Alex Simakov is a consultant at the Daisy Group and has been active in conservative politics.
Immigrants can be an unpredictable bunch. Perhaps that’s to be expected from anyone willing to pack their lives into a suitcase and start anew halfway around the world. It’s an important attribute to survive and thrive, as most are fortunate to do in Canada. But it also leads to some unpleasant surprises for politicians, who, having welcomed them in, naively expect their undying electoral loyalty. Judging by his recent actions, Prime Minister Justin Trudeau is set to learn this the hard way.
The late Gérald Godin, first Immigration minister for the Parti Québécois in the 1980s, gladly welcomed francophone immigrants by the hundreds of thousands, envisioning a legion of new French Canadians that would gratefully and obediently vote for an independent Quebec. Instead, this “ethnic vote” dashed his dreams and voted en masse for a unified Canada in 1995.
Mr. Trudeau is about to walk into a similar pitfall. Despite his glaring inability to come up with a credible plan to address what’s being called a border-crossing crisis, the Prime Minister appears set to make the issue a key plank of his 2019 re-election campaign. In recent weeks, his team has picked fights with Ontario Premier Doug Ford’s newly elected PC government on the matter.
Federal Immigration Minister Ahmed Hussen called Ontario Minister Lisa MacLeod “un-Canadian” for her audacity to question the federal government’s fiscal responsibilities toward provinces caring for asylum seekers. Mr. Trudeau’s principal secretary, Gerald Butts, went one step further by declaring any criticism of his government’s handling of the file as “alt-right.” Positioning Mr. Trudeau as a saviour of the stateless and oppressed is a campaign strategy, and with many urbanite, centre-left voters, it could work. But where he’ll likely suffer for it most is in the suburban, immigrant-rich, swing ridings the Liberals desperately need to retain to keep their majority.
While earning him points with the Davos circuit, Mr. Trudeau’s attitude toward the concept of citizenship may prove a great political liability with established immigrants. Having shed years of blood, sweat and tears to earn their Canadian passports, many immigrant voters likely didn’t take kindly to their Prime Minister issuing, via Twitter, an open invitation to the rest of the world to collect theirs at the door.
We could, and should, have an honest debate about the consequences of the PM’s grandstanding in encouraging migrants to cross over in the first place, and his seeming reluctance to defend the integrity of Canada’s borders publicly. What is irrefutable is that his words betrayed a lack of seriousness about the value of Canadian citizenship.
Despite the Prime Minister’s claim to understand the immigrant experience (his grandfather immigrated to Canada from Scotland in 1911), Mr. Trudeau likely has a lot to learn about new Canadians' mindsets. Many of us come from developing countries where mass migration didn’t result in bureaucratic overflow, but in chaos, violence and political instability. Those factors are part of the reason my family found ourselves detained overnight at Pearson Airport in 2001, having arrived as “irregular” migrants. They are also why I and others want Canada to prioritize and welcome the most vulnerable refugees in greatest need of our sanctuary – not just the relatively resourced asylum seekers who can reach our physical borders.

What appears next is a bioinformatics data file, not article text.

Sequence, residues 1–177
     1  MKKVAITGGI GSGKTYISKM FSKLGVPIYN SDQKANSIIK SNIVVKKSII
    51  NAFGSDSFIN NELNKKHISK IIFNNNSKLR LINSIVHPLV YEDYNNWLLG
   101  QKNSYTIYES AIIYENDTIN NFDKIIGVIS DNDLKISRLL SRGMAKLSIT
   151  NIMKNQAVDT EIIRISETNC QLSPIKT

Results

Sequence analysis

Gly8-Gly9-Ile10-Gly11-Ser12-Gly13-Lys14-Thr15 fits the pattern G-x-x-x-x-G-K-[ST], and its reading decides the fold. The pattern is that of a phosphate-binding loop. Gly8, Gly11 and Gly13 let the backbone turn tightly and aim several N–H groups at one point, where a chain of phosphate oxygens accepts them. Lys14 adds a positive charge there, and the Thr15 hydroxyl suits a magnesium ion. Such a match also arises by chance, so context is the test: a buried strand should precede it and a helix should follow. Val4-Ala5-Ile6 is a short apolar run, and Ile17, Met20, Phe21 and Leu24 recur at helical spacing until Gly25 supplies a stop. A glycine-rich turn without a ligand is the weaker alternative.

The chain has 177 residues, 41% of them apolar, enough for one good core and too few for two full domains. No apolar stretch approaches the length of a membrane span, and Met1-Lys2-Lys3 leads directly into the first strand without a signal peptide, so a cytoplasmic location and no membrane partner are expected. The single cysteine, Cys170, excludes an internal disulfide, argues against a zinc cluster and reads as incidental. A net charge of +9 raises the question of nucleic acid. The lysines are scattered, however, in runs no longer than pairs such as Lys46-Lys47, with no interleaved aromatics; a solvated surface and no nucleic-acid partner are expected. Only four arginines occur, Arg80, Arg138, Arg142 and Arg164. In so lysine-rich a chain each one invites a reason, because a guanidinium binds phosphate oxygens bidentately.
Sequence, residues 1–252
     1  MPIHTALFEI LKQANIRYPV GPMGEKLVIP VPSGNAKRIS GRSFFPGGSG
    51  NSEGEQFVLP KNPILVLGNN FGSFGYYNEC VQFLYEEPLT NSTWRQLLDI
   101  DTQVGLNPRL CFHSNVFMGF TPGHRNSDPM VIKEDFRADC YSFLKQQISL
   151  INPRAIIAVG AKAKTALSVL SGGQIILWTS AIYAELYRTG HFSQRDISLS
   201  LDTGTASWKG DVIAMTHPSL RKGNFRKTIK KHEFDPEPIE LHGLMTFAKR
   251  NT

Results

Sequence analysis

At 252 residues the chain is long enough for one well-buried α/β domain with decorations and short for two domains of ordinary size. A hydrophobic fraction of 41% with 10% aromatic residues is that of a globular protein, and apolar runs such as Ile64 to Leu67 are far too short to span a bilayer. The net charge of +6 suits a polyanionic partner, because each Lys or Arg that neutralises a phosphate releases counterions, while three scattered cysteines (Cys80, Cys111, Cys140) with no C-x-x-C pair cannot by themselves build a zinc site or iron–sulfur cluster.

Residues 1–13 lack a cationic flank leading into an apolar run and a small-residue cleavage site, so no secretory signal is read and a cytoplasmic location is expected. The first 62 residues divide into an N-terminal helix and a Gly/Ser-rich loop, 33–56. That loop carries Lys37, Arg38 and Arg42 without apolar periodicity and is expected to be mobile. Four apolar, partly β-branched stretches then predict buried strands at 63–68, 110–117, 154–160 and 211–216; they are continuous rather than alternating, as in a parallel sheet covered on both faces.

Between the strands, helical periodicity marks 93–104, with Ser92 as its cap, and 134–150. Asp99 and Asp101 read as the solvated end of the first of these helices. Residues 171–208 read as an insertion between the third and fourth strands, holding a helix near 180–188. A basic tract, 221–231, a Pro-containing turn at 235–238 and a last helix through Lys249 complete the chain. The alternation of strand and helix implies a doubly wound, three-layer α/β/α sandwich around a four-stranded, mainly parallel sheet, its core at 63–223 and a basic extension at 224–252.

Many established immigrants proudly spent their first years in dusk-to-dawn jobs, scraping together barely enough to provide for their families. Some are understandably annoyed by anecdotes of new asylum seekers being arrested for illegally crossing the border, only to receive tens of thousands in benefits and be housed in four-star hotels. Isolated complaints from new arrivals about minor inconveniences are unrepresentative, but will nevertheless further fan these flames.
Instead of fighting against Ontario’s new premier, Mr. Trudeau should use this opportunity to learn a lesson from Mr. Ford, who handily swept the immigrant-rich ridings of the 905 and outer Toronto and is celebrated as a champion by new Canadians. Despite slandering of Mr. Ford as racist and Trump-lite, the new Premier didn’t waste a moment virtue-signalling about diversity and acceptance. Instead, he successfully appealed to new Canadians with his focus on safe streets, family values and fiscal prudence.
Mr. Ford’s campaign brought back memories of Stephen Harper of 2011, who won his majority in great part because he treated immigrants as multidimensional citizens, concerned most of all with the issues of home ownership, access to quality jobs and greater individual prosperity through lower taxes. Mr. Trudeau, on the other hand, is increasingly likely to lose their support in 2019 by willfully diminishing the values of new Canadians and replacing them with his own. Then he expects them to be grateful for it.